Cindy's blog...July 26, 2017 Canadians are "bee-ing" proactive

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Calstone has a bee pollinator!! It is not something we intentionally built but the plants in the pond area have become a butterfly and bee pollinator. I have written blogs on the diminishing bee population and the crisis this causes in our food production, but there is good news. Canadians are paying huge attention to pollinator-friendly crops, flowers and weeds, in everything from fields to backyard gardens and public spaces. And, it is making a difference in honeybees’ lives. The movement is to ban the harmful pesticides that kill bees, but in the meantime, this is just a few of the steps Canada is taking to keep the bee population healthy.

Canadians everywhere are rolling up their sleeves to nurture the insects that keep us fed through pollination. It’s said that one in every three bites of food we consume is thanks to pollinators.

“It’s great that people are getting involved,” says professor Nigel Raine, who holds the Rebanks Family Chair in Pollinator Conservation at the University of Guelph. “The health of our pollinators is essential for sustainable agriculture and supporting natural ecosystems.”

For example, in urban areas, environmental programs such as Bees Matter are equipping gardeners with helpful varieties of plants for pollinators.

On Canadian farms, almost 800,000 honeybee colonies are in active duty this year. That’s about 10 per cent more than in 2016, which was another record year. In fact, the number of hives have been climbing since the late 1990s.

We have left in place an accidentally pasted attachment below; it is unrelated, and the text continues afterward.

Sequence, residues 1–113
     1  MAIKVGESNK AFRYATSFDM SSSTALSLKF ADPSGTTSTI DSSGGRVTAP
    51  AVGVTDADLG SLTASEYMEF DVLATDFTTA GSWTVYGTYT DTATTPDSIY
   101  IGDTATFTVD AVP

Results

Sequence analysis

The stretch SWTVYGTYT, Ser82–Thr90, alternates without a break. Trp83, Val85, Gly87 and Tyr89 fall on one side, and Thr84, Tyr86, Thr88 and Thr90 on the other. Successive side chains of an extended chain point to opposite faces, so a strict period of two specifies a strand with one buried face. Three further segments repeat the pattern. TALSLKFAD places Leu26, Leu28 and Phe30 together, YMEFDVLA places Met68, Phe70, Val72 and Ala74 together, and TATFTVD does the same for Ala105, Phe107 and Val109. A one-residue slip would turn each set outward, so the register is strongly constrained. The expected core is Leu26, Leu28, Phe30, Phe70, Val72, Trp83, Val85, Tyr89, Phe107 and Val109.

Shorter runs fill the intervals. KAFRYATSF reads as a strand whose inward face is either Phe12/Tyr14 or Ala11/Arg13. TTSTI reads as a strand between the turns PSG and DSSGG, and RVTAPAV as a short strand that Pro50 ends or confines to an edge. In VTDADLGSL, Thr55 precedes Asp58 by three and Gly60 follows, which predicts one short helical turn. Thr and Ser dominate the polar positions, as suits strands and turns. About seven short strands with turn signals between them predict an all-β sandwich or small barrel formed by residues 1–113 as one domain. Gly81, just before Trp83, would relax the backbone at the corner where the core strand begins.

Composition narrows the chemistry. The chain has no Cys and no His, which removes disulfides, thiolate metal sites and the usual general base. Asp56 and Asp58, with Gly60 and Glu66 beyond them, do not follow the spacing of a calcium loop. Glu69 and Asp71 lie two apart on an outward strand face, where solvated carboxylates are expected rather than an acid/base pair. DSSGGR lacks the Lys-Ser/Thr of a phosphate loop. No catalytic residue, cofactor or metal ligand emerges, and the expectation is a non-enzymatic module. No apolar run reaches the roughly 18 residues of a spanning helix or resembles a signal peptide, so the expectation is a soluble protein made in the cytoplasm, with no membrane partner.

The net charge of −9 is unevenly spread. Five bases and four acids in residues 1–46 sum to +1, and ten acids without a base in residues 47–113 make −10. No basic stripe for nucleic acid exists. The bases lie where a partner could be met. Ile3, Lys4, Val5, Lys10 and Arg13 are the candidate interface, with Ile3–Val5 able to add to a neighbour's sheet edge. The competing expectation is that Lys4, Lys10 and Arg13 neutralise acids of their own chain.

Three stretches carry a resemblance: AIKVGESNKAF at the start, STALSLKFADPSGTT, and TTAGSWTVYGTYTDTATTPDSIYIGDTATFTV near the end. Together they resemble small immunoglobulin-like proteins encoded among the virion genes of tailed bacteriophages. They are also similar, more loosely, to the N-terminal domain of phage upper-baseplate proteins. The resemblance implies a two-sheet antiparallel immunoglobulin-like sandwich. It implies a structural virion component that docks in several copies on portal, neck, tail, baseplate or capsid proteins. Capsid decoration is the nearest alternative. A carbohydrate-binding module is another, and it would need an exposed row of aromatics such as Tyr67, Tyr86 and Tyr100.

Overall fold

More than 700 Canadian farmers and ranchers participate in a voluntary program called ALUS (Alternative Land Use Services). It helps fund small-scale ecological projects for clean water, air and pollinator-friendly biodiversity. ALUS is recruiting new participants now and hopes to have 10,000 hectares of farmland in the program by 2018.

Patches of habitat are being established across Toronto neighborhoods to help create a corridor for butterflies and bees.

They are part of the David Suzuki Foundation’s network of butterfly-friendly gardens and wildflower-filled canoes in parks. The Butterflyway Project is an effort to re-imagine neighbourhoods as “highways of habitat” for local pollinating critters.

One of those canoes sits at the corner of Barton Ave. and Crawford St., in Christie Pits Park. It holds about two dozen native plant species, and it’s one of about 40 canoes across the city.

“The intent of butterflyway project is to build highways of habitats for butterflies,” Butterflyway Project manager Jode Roberts said. “A corridor for bees and butterflies to move through any neighborhoods.”

Toronto is home to about 360 species of bees and 112 species of butterflies, which help maintain a balanced ecosystem and contribute to the circle of life.

Business owners on Queen St. W. are taking the sting out of drab urban living with a new project to make Toronto’s concrete jungle a bit more bee-friendly.